General Dynamics Land Systems, a defense contractor with a production facility in Archbald, Pa., has been awarded a $92.2 million contract to upgrade Army tanks, with some of the work to be completed locally.
The contract means some employees who had been laid off pending the agreement may return to work, according to a union representative.
About 77 employees currently work at the plant in the borough's Eynon section. That's down from about 325 workers in 2010, said United Auto Workers Local 1193 President Ken Klinkel, who represents the plant employees. Some workers had been laid off when it was uncertain that the contract would be signed.
"It'll definitely bring some people back. Not a lot, but some," Mr. Klinkel said, adding it may be some time before they actually can return to work. "We had some folks who were waiting for the signing of the (upgrade contract); they were laid off. Now that it's signed, we'll be able to get some of those folks back."
The Army is seeking a System Enhancement Package for M1A2 Abrams tanks to bring increased survivability, better fuel efficiency, improved network capability and power generation to the armored ground assault vehicles, according to an Army spokeswoman.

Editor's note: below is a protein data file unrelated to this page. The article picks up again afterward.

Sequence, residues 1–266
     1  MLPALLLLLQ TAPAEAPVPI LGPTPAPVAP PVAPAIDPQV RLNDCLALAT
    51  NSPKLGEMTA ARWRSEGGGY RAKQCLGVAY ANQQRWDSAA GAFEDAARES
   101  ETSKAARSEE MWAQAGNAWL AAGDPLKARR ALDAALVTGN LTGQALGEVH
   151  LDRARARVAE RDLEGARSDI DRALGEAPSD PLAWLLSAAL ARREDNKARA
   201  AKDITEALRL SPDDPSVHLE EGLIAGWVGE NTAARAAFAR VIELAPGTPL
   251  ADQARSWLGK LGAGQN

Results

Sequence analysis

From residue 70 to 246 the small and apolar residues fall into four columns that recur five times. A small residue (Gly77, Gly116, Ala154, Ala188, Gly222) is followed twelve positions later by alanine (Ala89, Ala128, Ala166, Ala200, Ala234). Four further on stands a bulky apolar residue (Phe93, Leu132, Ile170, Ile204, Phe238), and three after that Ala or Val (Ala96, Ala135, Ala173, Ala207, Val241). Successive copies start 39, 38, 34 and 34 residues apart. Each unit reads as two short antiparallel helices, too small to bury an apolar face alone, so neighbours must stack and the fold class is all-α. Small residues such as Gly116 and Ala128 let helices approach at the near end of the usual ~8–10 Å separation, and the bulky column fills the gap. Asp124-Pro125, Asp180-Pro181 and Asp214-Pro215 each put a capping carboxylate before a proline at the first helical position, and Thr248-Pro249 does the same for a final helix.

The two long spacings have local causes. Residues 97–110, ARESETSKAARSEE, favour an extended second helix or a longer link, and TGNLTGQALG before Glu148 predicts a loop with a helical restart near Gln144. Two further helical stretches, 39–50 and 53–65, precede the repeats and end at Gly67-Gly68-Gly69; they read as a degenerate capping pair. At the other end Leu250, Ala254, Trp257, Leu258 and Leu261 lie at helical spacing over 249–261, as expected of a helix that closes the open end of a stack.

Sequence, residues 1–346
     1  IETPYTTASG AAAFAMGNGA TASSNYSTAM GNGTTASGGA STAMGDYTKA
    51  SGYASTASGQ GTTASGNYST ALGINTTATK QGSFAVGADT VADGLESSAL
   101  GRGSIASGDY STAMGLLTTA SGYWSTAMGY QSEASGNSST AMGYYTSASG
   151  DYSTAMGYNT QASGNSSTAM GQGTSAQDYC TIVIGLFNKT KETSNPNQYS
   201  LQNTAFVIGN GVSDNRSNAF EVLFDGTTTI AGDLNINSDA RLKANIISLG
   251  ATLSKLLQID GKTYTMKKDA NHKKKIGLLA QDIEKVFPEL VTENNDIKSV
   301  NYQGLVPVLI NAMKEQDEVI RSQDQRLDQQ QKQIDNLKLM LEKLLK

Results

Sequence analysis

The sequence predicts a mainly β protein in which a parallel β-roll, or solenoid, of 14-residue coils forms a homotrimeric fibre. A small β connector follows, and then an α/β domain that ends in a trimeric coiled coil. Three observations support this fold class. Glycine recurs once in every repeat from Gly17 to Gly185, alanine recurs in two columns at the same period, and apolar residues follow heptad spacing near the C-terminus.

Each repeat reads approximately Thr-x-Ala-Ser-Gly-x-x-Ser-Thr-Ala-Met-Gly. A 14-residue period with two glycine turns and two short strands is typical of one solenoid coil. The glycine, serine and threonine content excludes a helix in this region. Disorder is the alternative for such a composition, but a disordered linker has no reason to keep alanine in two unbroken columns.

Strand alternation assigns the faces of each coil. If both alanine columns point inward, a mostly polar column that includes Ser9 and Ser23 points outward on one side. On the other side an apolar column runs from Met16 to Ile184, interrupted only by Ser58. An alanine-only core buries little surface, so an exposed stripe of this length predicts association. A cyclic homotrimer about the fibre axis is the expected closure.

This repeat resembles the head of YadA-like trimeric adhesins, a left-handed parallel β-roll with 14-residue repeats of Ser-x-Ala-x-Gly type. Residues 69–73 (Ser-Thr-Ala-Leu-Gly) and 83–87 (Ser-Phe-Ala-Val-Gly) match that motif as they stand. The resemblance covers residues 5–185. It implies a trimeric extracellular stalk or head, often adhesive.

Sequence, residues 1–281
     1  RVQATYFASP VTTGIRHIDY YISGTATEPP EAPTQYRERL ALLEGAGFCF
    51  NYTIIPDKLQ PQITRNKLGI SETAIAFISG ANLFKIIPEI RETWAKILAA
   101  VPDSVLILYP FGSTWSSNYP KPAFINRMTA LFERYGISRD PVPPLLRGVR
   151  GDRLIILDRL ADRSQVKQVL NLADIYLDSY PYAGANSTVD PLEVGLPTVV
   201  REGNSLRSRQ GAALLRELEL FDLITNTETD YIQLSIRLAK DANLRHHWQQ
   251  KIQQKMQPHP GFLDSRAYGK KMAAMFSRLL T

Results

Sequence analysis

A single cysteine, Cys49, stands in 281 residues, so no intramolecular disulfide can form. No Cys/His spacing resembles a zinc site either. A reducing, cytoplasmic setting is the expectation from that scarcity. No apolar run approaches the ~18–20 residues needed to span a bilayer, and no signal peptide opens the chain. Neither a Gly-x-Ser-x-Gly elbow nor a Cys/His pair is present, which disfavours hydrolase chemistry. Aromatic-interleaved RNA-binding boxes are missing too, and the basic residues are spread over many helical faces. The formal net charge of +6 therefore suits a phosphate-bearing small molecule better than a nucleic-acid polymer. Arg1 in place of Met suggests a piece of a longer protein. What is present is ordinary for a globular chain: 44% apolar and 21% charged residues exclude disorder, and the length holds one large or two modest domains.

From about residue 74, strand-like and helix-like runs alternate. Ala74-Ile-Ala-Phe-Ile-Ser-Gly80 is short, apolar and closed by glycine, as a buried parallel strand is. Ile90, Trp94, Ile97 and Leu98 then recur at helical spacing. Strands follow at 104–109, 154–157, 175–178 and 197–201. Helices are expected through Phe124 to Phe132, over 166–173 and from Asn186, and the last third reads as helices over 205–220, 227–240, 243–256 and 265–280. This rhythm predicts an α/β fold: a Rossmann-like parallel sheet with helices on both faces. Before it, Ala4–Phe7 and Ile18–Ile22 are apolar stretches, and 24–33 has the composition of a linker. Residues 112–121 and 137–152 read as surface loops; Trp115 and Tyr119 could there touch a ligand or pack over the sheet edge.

"The (upgrade) maximizes the fighting ability of the tank on today's battlefield while preparing the platform for tomorrow's challenges," Ashley Givens, public affairs director at the Army's Program Executive Office for Ground Combat Systems, said in an email.
"The pilot program's objective is to establish efficient processes to produce a new variant of the (System Enhancement Package) tank."
The pilot program involves upgrades to six tanks. When that is successfully completed, General Dynamics is to move into full production. The contract comes with a fixed-price incentive, which means General Dynamics can keep any savings found during production.
General Dynamics Land Systems, based in Sterling Heights, Mich., is to complete the work by 2017 at production facilities in Eynon; Anniston, Ala.; Tallahassee, Fla.; and Lima, Ohio.
The last brand-new U.S. military tanks were built in 1995, Klinkel said. Since then, upgrades to existing equipment involved stripping it down to the hull and rebuilding it from scratch to meet current standards. He could not speak to the exact plans in store for this most recent round of upgrades.
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